Parallel mothers (R21)
123 minutes, opens February 17
Acclaimed Spanish filmmaker Pedro Almodovar makes one of his most overtly political films to date in this gripping work, which operates in a present clouded by a stubbornly unresolved past.
Janis (frequent collaborator of Almodovar Penelope Cruz) is a photographer who, after a single encounter with a man she has just met, becomes pregnant.
Choosing to keep the baby, she meets Ana (Milena Smit), a teenager from a wealthy family and soon-to-be single mother, at the maternity ward.
Their meeting will have consequences, especially for Janis, who is also trying to open an official study of a mass grave near her ancestral village, the site of executions during the Spanish Civil War (1936 to 1939).
Writer-director Almodovar displays his usual mastery of female-centric melodrama, a talent that encompasses his ability to draw gripping performances from veteran actress Cruz and relative newcomer Smit.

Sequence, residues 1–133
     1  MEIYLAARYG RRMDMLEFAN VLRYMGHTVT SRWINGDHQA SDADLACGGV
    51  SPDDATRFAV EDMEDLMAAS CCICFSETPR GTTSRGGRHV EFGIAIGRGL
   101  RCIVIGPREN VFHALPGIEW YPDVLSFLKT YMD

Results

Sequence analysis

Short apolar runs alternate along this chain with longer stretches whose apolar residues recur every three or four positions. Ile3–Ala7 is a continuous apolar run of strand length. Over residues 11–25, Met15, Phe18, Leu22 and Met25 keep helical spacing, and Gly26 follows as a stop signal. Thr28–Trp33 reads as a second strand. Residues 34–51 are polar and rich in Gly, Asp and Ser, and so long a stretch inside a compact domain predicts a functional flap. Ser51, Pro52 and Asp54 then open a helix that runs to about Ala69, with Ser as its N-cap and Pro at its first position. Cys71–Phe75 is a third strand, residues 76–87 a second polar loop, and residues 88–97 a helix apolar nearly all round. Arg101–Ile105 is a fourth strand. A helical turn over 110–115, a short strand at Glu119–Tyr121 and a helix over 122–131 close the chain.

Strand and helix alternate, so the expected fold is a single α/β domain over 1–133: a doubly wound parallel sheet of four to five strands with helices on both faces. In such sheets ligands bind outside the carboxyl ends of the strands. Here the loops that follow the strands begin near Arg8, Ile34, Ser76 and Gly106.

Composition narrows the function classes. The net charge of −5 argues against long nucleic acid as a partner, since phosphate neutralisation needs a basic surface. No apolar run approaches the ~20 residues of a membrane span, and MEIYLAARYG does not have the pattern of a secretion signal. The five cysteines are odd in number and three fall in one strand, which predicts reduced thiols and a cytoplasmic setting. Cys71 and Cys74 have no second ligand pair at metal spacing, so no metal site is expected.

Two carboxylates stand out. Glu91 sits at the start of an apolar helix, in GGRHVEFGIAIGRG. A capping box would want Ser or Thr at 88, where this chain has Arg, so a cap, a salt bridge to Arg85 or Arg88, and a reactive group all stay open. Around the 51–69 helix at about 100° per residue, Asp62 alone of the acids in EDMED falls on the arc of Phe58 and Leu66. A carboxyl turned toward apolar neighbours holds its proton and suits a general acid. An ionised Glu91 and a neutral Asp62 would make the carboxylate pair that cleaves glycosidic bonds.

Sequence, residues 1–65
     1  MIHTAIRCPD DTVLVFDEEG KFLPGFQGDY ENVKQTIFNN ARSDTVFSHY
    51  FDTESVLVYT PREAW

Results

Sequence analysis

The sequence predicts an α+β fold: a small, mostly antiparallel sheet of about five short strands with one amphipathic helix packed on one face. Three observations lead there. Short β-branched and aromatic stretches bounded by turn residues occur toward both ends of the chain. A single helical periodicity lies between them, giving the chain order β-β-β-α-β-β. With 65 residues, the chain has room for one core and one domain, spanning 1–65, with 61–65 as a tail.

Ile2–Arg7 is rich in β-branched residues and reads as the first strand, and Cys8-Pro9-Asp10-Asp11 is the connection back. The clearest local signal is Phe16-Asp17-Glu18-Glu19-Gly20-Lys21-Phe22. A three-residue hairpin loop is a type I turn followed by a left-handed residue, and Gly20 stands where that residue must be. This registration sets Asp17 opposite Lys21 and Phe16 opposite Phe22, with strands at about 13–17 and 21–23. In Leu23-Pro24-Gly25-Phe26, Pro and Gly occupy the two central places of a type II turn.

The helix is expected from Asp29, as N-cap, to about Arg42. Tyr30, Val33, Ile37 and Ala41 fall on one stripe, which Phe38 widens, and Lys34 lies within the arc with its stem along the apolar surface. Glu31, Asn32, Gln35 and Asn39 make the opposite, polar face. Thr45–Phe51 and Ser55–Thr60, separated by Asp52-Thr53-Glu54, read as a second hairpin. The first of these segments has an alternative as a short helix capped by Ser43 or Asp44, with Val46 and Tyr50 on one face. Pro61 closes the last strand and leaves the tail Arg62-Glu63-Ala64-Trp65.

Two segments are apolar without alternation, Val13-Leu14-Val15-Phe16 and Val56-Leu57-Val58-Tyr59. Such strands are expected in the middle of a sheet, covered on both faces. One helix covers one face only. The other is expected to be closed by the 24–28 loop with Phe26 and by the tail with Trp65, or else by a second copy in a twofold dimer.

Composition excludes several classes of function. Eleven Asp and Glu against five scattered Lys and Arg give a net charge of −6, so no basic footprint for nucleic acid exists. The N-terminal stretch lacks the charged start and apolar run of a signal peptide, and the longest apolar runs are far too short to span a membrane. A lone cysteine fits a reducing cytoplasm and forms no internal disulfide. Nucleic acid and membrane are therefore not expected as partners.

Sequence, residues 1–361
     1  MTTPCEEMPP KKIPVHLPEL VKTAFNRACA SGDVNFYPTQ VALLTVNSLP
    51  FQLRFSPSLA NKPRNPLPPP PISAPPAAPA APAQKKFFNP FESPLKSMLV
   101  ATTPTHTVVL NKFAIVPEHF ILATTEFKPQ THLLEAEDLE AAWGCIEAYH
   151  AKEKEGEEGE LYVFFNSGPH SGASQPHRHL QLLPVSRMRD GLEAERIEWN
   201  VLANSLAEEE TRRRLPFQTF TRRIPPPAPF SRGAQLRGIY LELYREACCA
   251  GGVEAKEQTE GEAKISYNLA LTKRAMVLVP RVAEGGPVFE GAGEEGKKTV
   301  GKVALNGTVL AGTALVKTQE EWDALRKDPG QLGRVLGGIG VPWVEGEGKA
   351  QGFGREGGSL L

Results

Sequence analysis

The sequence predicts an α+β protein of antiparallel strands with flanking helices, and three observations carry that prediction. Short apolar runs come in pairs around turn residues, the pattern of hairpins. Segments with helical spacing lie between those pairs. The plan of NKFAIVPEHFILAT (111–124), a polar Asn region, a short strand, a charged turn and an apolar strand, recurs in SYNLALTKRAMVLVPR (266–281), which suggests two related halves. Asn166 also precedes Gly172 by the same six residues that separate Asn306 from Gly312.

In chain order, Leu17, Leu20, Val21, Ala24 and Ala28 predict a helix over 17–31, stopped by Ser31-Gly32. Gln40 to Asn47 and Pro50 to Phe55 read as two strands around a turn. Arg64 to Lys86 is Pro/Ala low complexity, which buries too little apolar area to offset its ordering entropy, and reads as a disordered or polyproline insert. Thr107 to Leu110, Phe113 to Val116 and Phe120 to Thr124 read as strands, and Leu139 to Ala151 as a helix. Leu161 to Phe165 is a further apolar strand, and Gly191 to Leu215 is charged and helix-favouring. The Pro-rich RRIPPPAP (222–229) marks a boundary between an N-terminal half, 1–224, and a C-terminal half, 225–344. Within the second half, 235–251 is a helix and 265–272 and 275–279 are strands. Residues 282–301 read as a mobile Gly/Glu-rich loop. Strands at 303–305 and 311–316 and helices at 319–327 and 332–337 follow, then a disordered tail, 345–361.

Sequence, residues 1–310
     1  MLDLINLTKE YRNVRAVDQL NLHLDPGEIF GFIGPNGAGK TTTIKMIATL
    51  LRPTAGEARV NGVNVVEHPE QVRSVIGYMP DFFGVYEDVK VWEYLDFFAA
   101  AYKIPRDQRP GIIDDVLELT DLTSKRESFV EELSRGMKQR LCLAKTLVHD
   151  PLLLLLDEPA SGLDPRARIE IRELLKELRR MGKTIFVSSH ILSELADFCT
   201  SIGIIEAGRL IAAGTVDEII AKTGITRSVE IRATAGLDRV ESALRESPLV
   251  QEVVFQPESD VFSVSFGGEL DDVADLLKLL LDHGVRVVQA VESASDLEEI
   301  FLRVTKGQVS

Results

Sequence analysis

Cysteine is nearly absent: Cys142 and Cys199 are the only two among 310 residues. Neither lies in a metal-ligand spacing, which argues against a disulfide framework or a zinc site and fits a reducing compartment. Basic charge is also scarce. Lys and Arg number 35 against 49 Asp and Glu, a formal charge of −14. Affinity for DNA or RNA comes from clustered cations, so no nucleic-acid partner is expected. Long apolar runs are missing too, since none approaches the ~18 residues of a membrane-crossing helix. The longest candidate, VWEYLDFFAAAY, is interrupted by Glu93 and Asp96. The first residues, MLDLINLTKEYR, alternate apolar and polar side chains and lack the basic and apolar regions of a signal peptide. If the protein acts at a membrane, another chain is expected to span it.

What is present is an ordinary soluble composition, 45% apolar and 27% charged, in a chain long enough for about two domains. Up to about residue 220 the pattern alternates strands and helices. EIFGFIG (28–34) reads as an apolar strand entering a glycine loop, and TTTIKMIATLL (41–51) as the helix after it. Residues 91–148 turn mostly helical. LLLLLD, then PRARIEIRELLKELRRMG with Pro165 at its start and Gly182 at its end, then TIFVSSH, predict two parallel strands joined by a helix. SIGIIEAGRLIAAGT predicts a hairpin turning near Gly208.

The film was rewarded with two Oscar nominations, for Best Actress for Cruz and Best Original Score.
Like her previous film, the vaguely autobiographical Pain and Glory (2019), the fear of time running beneath the story, which deals on the surface with issues of motherhood and what it means for women at different stages of Life: Ana’s youth and wealth is matched by her cold family, while Janis’ age is matched by her loving circle of family and friends.
The countdown here refers to the portions of Spanish history that Almodovar feared would fade into the memory hole, particularly the Civil War period which saw the slaughter of thousands of people.